After several days of the Western Australia media soaking up a flurry of criticisms of Government neglect of remote communities, State Housing Minister, Bill Marmion produced an unbelievable press release reporting ‘support’ for outback communities, as if of a never-before-seen nature. Western Australian remote communities snuck into the media for a couple of days after a family of eight – including six school age children – left their remote community because the local school was closed down and drove 2,000 kilometres to Perth to secure “a good education for the kids”. They finished up homeless for more than five months but throughout which time the children went to school each day.
The story of a family living in tents on the outskirts of Perth, off a major highway, captured not only attention in the Western Australian media but thanks to the ABC, Channel 9 and NITV, also some attention nationally. The story trended highest in the nation for the ABC for several hours after they took it on. A social media campaign run by The Stringer seeking a home for the family went viral – the objective of housing the family was achieved with an offer of interim accommodation. The Stringer readers also donated money, food and clothes.
The media focused on the family leaving their community because the school had closed, and that nearby schools were of poor educational standards. Wongi Grandmother, Mary Meredith said “The Government and the Education Department have failed our communities. Our children are not learning at the same levels, to the same standards, that children are learning at schools in the big cities and towns. The remote schools are two and three years behind.”
Ms Meredith described that remote Aboriginal communities were deprived of the social wealth that other communities and towns enjoy because of unfair Government funding practices.
Perth talkback radio also heard of the State housing crisis, with 3,000 families – who are homeless or at-risk of homelessness – on the Department of Housing’s priority waiting list, for most of whom there is little likelihood of securing a home anytime soon. Western Australia has the worst homelessness rate in the nation, with half of it comprising First Peoples. Government promises of hostels and transitional accommodation have been broken. But for a couple of days the Western Australian public was exposed to both the fact of poor remote living conditions and to the homelessness and State Housing crises, issues which usually do not get a look-in.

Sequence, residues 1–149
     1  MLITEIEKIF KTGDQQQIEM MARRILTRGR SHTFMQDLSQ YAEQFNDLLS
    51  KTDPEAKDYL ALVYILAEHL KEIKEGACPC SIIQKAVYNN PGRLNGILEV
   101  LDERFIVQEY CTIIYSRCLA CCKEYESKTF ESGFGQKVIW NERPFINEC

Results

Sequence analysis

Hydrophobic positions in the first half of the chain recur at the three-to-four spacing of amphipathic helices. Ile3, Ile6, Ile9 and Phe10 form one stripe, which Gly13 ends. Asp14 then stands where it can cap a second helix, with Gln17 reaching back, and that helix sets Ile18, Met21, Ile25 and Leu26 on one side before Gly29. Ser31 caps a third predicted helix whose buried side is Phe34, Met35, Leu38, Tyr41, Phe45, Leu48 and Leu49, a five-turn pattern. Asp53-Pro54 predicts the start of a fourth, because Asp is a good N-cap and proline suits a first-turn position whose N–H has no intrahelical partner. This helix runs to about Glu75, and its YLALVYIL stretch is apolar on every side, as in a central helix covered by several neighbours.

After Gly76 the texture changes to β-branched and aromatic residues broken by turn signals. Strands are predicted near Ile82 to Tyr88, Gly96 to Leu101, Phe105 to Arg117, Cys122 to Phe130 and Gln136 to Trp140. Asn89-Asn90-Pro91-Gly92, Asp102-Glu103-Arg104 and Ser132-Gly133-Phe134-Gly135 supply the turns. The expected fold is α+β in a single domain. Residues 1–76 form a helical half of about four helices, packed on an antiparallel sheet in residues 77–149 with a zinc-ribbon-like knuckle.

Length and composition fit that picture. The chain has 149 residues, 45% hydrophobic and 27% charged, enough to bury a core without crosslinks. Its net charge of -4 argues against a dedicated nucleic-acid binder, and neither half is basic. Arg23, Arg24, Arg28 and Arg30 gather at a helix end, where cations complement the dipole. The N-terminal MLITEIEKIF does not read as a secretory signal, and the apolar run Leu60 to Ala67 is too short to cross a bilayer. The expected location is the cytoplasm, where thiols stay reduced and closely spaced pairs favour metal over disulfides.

And then instead of the Premier or a Minister responding to the crises we got from Minister Marmion the preposterous proposition that remote communities are being supported by the State and Federal Governments – and on the housing crisis, which is his portfolio, not a peep.
“Remote Aboriginal communities are set to benefit from an extra $15 million in State Government funding for essential services,” said Mr Marmion.
Western Australia has more First Peoples communities than anywhere else – $15 million is peanuts for 274 remote communities, long neglected and as a result languishing far behind the rest of regional Australia in what should be the basic tenement of “essential services.”
“The additional money for critical infrastructure will enable more secure water supplies, improvements in water quality and will ensure the safe supply of electricity and other essential services,” said the Housing Minister.
He touted as a positive the “$30 million per annum provided by the State to maintain power, water and wastewater services through the Remote Area Essential Services Programs.” At the same time from the lands that most of these remote communities stand neglected on because of the debacle that is Native Title, the resources extraction companies are becoming filthily wealthy, with profits in the hundreds of millions and billions of dollars each year.
Minister Marmion said that both the State and Commonwealth had “a shared responsibility to address the backlog of infrastructure needs in remote communities.”
“Ongoing funding from the Commonwealth is essential to address the significant challenges in achieving sustainable improvements in remote Aboriginal communities.”
The majority of the 274 remote Aboriginal communities in Western Australia are in the Pilbara – the engine room of the mining boom – and in the Kimberley, a tourist mecca. The Kimberley has the highest concentration of First Peoples in the nation, nearly one in every two of the population but the Kimberley endures a homelessness rate of 7 per cent of its total population, with 90 per cent of that homelessness comprising First Peoples.
The State Government’s commitment to remote community essential services in the Budget is $45 million. What a sad joke.